Ecologically sustainable development

Environment and economy thriving together

decorativeThere’s a common belief that protecting the environment comes at the expense of economic development – that when one benefits, the other loses.

Our first key focus area – ecologically sustainable development – lays to rest this idea that it’s a zero-sum game. We take part in government and industry decision-making about planning and land-use, always striving to have the environment and the economy thrive together. Our regulatory decisions use a ‘place-based’ approach and take a holistic view of ecosystems such as water catchments, airsheds, ecological communities and climatic regions.

The stories in this section show the work we’re doing to promote ecologically sustainable development.

What’s happening with forestry?

Officer measuring a tree. Photo: EPA

‘Ancient trees are precious,’ says renowned naturalist Sir David Attenborough. ‘There is little else on Earth that plays host to such a rich community of life within a single living organism.’

The native forests of NSW are no exception. They’re complex natural ecosystems that give shelter to the wildlife within their boundaries. They also provide benefits to the NSW community and economy in the form of timber production. Management of native forests therefore needs to consider all needs.

Through policy, regulation and proactive compliance efforts during 2021–22, the EPA continued to influence, enforce and educate about ecologically sustainable forest management. We did this through a range of regulatory tools including audits, field inspections, investigations, desktop assessment, notices, orders, penalty notices and education.

Our aims were to promote native forestry operations’ compliance with integrated forestry operations approval conditions or private native forestry codes, and to reduce potential environmental harm.

We gave greatest attention to operations with higher environmental or regulatory risks. We use environmental risk criteria that can be adapted to emerging issues and trends in environmental compliance.

Our forestry work will continue to focus on maintaining ecological processes within forests and preserving their diversity, while still enabling a range of environmental, economic, social and cultural benefits for the NSW community.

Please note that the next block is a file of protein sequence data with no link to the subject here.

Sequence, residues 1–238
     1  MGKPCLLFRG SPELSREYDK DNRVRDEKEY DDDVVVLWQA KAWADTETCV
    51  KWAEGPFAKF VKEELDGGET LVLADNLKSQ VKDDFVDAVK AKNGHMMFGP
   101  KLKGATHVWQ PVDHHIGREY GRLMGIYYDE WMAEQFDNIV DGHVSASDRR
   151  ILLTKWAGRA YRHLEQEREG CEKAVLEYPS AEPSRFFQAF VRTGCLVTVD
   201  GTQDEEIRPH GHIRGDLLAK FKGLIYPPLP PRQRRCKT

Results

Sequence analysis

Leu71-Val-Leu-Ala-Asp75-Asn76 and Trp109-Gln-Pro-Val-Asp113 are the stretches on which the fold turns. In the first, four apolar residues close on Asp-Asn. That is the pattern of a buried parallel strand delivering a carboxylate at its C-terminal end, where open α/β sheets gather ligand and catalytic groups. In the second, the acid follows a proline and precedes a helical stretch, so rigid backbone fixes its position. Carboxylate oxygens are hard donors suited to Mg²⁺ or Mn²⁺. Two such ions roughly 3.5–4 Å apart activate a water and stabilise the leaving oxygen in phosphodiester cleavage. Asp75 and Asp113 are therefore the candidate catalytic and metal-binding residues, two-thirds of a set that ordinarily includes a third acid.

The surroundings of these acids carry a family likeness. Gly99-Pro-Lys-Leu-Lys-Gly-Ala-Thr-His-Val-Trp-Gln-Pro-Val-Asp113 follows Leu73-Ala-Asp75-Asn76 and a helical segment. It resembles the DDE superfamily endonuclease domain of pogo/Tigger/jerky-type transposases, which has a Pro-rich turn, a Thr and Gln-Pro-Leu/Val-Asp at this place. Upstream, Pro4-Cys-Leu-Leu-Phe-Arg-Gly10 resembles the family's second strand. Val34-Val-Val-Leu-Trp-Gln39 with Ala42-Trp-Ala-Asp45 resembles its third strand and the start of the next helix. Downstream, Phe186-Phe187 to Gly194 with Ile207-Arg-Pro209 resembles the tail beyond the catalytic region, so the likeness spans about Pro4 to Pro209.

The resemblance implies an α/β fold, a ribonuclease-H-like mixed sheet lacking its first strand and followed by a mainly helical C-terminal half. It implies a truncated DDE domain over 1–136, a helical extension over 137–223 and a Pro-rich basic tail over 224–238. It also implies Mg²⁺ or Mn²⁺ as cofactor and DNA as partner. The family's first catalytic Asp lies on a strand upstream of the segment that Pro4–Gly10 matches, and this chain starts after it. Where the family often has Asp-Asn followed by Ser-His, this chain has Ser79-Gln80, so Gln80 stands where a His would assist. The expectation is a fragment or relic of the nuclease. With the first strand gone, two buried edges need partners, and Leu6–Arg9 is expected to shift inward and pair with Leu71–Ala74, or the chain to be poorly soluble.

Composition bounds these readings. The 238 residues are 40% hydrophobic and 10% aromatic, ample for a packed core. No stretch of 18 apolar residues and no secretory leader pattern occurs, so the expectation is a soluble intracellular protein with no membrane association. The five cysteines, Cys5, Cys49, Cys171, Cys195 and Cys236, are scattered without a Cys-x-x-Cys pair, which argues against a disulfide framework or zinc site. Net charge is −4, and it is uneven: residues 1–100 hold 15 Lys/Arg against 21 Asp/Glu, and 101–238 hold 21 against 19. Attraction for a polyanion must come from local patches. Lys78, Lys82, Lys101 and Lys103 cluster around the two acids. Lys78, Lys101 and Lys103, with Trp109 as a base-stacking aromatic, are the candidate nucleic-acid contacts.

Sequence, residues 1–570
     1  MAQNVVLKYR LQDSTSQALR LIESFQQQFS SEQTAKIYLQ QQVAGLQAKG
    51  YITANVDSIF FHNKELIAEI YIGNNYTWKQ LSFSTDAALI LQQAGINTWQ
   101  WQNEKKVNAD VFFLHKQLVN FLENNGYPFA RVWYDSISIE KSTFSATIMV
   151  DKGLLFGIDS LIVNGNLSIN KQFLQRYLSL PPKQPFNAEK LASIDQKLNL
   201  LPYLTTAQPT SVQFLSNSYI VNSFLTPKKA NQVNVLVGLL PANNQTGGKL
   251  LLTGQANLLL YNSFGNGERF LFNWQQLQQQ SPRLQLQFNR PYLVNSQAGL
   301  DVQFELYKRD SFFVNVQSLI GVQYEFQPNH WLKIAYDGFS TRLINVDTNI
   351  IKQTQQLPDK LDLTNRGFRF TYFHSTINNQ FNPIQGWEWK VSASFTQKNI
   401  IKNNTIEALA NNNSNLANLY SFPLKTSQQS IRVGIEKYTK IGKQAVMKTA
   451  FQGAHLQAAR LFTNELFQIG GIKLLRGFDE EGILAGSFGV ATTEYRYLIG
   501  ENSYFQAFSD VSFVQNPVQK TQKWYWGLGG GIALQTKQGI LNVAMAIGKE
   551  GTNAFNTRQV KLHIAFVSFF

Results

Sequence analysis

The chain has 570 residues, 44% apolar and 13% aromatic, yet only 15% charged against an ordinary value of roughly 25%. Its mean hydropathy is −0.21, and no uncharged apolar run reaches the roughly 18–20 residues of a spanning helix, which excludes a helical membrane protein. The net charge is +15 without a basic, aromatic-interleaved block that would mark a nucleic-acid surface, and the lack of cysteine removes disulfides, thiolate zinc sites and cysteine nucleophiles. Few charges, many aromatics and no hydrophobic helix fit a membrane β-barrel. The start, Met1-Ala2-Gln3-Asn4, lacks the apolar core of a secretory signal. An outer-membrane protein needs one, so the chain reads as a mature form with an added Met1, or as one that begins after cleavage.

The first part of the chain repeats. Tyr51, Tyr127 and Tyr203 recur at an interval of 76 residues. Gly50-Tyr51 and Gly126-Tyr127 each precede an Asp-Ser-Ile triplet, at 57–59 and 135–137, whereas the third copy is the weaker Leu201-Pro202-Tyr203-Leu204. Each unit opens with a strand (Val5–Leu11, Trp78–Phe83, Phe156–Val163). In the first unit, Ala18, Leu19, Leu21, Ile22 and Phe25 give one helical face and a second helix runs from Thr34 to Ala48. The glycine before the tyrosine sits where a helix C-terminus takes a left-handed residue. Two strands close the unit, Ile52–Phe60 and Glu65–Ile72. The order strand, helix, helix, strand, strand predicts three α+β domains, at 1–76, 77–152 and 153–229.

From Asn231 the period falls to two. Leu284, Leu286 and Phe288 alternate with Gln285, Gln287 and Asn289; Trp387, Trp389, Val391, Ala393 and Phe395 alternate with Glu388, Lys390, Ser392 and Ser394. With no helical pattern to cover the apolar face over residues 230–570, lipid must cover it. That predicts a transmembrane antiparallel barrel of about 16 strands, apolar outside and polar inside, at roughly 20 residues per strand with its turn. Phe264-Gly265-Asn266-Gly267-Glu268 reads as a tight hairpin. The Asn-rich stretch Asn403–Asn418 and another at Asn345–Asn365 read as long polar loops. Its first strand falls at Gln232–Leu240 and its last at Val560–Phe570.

Advising for the Aerotropolis

An artist’s impression of the Aerotropolis. Credit: DPEThe Western Sydney Aerotropolis is an area of land around the Western Sydney International (Nancy-Bird Walton) Airport. It will be a thriving economic centre, creating about 100,000 new jobs and 11,400 new homes.

Planning the Aerotropolis has involved the development of the Aerotropolis Precinct Plan. The plan includes place-based objectives and environmental requirements. We’ve worked with other government agencies to set the environmental directions in the plan.

One of the important environmental outcomes involves the restoration of waterway health in the South Creek catchment. These restored waterways will become blue-green open space for the new Western Parkland City. They also respect the importance of the area to communities, including Aboriginal communities.

The next step will be the development of masterplans. We expect that certain activities in the Aerotropolis will need environment protection licences.

We’ve developed new risk-based tools to help guide our engagement in planning matters, and will use these to work out where the highest priorities are for working on the masterplans for the Aerotropolis.

Certain activities in the Aerotropolis will need an environment protection licence

‘There’s no doubt the Western Sydney Aerotropolis presents an opportunity to continue to seek ecologically sustainable development for Western Sydney,’ says Brendan Lloyd from the EPA’s Environmental Protection Planning Section. ‘We’ll target effort on those planning matters which pose the highest risk to the environment and human health.’

Breathing easy

Headshot of a young girl at the beachIn February 2022 the NSW Government released the NSW Clean Air Strategy 2021–30. This is aimed at improving air quality, reducing emissions and protecting communities.

The strategy sets out actions under five priority areas where the biggest gains for air quality and health can be made:

  • better preparedness for pollution events
  • cleaner industry
  • cleaner transport, engines and fuels
  • healthier homes
  • better places.

The strategy uses a whole-of-government approach. We’re working with the NSW Department of Planning and Environment, and other agencies across government, to implement it.

‘Managing and reducing air pollution is an important part of ecologically sustainable development, especially for people’s health,’ says our Manager Environment Protection Policy, Michele Weight.